The Military Must Follow the White House’s Lead on South China Sea Policy

The Military Must Follow the White House’s Lead on South China Sea Policy
President Barack Obama and the head of the U.S. Pacific Command, Adm. Harry Harris, at Joint Base Pearl Harbor-Hickam, Honolulu, Hawaii, Dec. 19, 2015 (AP photo by Evan Vucci).

The World War I-era French Prime Minister Georges Clemenceau once famously declared that war is too important to be left to the generals. The same, it appears, can be said of admirals.

Last week, the Navy Times ran a blockbuster story revealing that the top U.S. military commander in the Pacific, Adm. Harry Harris, and the combatant command he leads, U.S. Pacific Command (PACOM), are not happy with the White House’s approach to dealing with China’s adventurism in the South China Sea. According to the Navy Times, Harris is “arguing behind closed doors for a more confrontational approach to counter and reverse China’s strategic gains” there. He is, says the paper, “proposing a muscular U.S. response to China’s island-building that may include launching aircraft and conducting military operations within 12 miles of these man-made islands.” Harris’ efforts, however, are meeting resistance from the White House “at nearly every turn.”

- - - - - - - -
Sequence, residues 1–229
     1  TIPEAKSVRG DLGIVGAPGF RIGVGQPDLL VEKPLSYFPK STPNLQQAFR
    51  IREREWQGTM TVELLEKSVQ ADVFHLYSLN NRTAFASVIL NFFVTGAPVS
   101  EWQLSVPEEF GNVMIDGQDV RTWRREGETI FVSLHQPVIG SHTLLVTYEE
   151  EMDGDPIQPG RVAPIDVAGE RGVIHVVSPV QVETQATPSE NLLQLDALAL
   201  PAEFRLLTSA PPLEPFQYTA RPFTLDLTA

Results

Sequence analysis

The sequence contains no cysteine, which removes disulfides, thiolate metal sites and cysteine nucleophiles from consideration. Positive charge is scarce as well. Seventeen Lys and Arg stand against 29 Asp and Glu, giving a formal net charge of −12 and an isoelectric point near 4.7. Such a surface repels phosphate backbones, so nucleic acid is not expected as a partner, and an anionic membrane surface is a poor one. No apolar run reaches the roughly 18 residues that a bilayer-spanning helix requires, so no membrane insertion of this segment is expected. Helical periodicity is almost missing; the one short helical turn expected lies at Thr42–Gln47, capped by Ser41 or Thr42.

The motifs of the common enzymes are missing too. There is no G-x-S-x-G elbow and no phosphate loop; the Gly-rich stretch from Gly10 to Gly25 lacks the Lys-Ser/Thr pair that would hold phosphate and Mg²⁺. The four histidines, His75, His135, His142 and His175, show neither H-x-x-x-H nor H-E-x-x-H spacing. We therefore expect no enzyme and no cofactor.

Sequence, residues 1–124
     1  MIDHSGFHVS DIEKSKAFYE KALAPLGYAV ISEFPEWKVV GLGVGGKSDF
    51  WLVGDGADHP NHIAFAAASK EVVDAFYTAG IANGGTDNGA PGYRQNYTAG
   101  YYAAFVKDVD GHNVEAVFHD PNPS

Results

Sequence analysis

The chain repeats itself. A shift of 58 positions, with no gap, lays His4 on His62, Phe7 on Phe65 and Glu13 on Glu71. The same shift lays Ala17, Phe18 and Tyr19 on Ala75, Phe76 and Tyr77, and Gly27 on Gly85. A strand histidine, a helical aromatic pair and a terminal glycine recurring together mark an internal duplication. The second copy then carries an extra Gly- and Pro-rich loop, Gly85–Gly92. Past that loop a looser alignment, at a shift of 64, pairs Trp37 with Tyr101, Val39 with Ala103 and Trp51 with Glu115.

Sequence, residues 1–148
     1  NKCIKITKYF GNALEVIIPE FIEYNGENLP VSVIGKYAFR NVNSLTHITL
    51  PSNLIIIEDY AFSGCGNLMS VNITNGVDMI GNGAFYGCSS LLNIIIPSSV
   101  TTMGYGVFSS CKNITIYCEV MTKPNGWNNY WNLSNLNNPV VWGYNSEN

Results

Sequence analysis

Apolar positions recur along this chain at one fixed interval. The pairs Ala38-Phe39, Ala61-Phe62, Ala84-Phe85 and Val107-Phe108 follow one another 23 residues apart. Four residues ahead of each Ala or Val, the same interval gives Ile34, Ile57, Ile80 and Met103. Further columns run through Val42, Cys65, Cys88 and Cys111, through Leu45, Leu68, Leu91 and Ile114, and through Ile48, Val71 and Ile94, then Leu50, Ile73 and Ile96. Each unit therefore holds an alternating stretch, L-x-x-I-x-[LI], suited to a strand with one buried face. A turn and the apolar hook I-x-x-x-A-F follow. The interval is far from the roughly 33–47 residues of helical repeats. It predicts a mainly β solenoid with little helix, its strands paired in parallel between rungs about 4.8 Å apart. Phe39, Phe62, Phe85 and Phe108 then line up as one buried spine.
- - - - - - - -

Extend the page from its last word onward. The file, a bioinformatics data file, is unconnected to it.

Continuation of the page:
Now, on one hand, what we have here is not unusual. Military officials often leak stories like these when they feel that their views are not being heard in the halls of power in Washington or when they are on the wrong side of a policy decision. Anyone who followed the Afghan surge debate in 2009 will remember the steady barrage of leaks from military officials intended to pressure their higher-ups in the Pentagon and the White House. When it comes to PACOM, these sorts of stories are likewise becoming standard operating procedure, and they are not always done off the record.

Keep reading for free!

Get instant access to the rest of this article by submitting your email address below. You'll also get access to three articles of your choice each month and our free newsletter:

Or, Subscribe now to get full access.

Already a subscriber? Log in here .

What you’ll get with an All-Access subscription to World Politics Review:

A WPR subscription is like no other resource — it’s like having a personal curator and expert analyst of global affairs news. Subscribe now, and you’ll get:

  • Immediate and instant access to the full searchable library of tens of thousands of articles.
  • Daily articles with original analysis, written by leading topic experts, delivered to you every weekday.
  • Regular in-depth articles with deep dives into important issues and countries.
  • The Daily Review email, with our take on the day’s most important news, the latest WPR analysis, what’s on our radar, and more.
  • The Weekly Review email, with quick summaries of the week’s most important coverage, and what’s to come.
  • Completely ad-free reading.

And all of this is available to you when you subscribe today.